Activities on the Life Cycle of a Flowering Plant

by Sara Clark
Have children grow plants as a class project.

Have children grow plants as a class project.

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Activities that center on the life cycle of flowering plants teach children of all ages about a range of subjects such as plant reproduction and the role of the insect world. A child of any age can learn and understand the basic parts of a flower. For older children, plant activities can involve a range of skills such as drawing, the math involved in measuring and making growth graphs, and investigation. The plant life cycle can be used as a steppingstone to learning about animal reproduction and the food chain.

Parts of the Plant

For children to understand how a plant functions, grows and reproduces, they need to know about the parts of the plant and the purpose of each part. For older children, hand out real plants and ask them to dissect and identify each part by the scientific name such as petal, stigma and filament. For younger children, use stylized pictures of plants and have them choose the basic label for each part from a list, such as seeds, stem, flower and leaves. As a group, discuss the function of each part of the plant.

Growing Plants

Have the class learn about the environment that a plant needs for healthy growth. A plant needs access to light, water, nutrients and often wind or insects for pollination. As a class project, plant seeds under different conditions to see how different environments affect growth. If one tray of seedlings is not growing as well as another, have the class suggest reasons and solutions. Produce worksheets monitoring seedling growth, leaf development and bud development. Draw or photograph each stage.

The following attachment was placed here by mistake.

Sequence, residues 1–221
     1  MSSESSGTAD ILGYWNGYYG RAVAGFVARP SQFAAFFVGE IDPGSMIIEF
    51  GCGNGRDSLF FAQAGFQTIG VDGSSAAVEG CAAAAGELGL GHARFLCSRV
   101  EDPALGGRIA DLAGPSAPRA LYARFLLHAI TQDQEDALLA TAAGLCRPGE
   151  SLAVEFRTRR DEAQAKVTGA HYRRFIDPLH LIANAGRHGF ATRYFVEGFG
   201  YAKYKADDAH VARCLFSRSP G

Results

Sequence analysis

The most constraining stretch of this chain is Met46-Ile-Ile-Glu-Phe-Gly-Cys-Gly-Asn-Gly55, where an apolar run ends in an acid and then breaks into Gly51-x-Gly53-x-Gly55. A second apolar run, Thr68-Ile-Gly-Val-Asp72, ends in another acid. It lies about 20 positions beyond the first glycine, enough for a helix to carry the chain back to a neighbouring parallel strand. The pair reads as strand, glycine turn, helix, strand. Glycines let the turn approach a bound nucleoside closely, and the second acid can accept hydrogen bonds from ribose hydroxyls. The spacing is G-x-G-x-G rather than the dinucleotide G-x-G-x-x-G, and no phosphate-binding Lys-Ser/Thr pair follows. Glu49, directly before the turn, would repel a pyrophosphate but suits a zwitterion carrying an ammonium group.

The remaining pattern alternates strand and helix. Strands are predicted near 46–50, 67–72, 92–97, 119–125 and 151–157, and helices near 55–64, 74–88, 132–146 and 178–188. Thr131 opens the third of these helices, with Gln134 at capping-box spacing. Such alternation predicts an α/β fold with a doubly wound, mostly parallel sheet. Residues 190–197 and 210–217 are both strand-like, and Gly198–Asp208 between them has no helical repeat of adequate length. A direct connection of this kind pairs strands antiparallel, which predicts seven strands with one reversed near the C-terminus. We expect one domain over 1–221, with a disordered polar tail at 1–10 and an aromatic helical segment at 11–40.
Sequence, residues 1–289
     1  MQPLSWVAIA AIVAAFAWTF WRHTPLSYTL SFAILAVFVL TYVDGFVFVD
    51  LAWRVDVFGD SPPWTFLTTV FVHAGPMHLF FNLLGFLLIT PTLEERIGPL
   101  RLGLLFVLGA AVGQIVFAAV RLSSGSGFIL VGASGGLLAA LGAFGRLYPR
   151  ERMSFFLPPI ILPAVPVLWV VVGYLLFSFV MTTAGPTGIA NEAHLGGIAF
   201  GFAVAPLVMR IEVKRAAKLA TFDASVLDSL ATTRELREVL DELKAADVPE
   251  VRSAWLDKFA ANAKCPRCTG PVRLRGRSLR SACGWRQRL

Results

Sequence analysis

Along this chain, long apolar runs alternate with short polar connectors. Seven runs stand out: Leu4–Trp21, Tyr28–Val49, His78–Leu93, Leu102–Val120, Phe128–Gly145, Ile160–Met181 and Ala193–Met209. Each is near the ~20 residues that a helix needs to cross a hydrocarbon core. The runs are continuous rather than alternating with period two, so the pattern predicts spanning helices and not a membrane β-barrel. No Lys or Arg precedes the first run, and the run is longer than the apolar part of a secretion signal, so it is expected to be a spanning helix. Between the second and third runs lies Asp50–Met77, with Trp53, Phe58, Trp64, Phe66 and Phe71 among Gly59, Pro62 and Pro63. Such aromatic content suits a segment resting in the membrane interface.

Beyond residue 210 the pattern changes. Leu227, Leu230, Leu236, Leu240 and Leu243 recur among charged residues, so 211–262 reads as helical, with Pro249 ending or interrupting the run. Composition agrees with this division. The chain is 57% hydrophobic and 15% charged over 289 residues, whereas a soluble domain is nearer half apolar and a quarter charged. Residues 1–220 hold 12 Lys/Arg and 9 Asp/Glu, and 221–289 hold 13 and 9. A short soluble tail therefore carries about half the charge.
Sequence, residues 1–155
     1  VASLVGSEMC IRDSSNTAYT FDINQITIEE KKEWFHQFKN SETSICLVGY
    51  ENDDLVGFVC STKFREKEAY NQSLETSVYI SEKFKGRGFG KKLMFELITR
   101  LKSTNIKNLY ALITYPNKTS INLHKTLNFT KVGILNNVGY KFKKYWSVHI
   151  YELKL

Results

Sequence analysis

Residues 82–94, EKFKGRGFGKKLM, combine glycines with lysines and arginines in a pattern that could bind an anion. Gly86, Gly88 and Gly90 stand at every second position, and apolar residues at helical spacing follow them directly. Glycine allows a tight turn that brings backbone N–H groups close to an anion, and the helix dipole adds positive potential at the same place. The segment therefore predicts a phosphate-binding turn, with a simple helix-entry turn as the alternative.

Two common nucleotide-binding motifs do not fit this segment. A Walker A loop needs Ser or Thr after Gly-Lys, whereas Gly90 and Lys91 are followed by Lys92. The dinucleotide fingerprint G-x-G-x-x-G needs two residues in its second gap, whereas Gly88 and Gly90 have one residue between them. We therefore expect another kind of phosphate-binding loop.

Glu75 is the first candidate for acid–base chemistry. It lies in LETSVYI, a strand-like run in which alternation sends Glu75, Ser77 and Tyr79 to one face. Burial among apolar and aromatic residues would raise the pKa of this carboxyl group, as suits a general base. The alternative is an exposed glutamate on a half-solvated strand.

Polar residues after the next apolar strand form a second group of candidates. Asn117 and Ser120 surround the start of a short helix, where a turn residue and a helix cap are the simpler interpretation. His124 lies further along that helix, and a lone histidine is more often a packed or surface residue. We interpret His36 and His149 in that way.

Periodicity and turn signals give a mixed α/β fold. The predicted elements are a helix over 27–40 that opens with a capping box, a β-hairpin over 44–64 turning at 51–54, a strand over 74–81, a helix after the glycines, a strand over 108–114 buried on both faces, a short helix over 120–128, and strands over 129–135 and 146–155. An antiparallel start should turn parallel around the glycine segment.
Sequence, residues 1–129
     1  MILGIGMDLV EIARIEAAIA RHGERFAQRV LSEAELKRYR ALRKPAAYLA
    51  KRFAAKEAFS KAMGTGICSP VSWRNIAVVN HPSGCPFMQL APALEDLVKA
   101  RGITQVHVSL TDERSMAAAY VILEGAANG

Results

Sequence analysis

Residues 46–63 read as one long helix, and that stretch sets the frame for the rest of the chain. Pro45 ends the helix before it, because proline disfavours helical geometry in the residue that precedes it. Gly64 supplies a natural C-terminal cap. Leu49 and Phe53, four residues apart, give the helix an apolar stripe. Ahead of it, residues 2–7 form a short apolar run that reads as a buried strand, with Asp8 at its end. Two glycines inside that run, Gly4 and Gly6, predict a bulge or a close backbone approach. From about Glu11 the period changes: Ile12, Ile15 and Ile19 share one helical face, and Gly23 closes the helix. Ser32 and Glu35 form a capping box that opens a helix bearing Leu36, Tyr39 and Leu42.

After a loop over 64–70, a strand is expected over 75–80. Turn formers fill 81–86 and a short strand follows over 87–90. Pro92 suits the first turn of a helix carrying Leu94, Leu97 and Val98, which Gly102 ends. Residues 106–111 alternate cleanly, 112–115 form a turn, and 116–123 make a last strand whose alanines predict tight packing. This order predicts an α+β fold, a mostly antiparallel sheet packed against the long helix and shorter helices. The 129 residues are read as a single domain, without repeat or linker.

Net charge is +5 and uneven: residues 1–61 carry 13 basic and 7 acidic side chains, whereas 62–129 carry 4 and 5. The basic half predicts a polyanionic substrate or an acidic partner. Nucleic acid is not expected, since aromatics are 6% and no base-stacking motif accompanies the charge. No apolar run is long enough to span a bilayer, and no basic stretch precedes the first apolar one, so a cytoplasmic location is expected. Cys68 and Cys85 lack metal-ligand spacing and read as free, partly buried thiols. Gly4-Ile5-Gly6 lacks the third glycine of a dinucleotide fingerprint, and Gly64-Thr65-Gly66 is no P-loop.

Life Cycle of Plants

Take children through the life cycle of the plant, starting from the seed, through photosynthesis to the flowering of the adult plant. Continue to an explanation of pollination and the development of the seeds once flowers are fertilized. Explain different methods of pollination -- for example, insect, wind or artificial -- and what conditions a seed needs in order to germinate. Have children draw a diagram that shows how the growth and reproduction process is continuous.


On a field trip, have each child find a different type of flower. Ideally, children should find three flowers in three different stages of development; for example, bud, full flower and seeding. Have them do a project on their chosen flower. They should find out the optimum growth conditions for their plant, its pollination method, and what its seeds look like. Investigate how the plant seeds are spread; for example, by air, water or animal activity.

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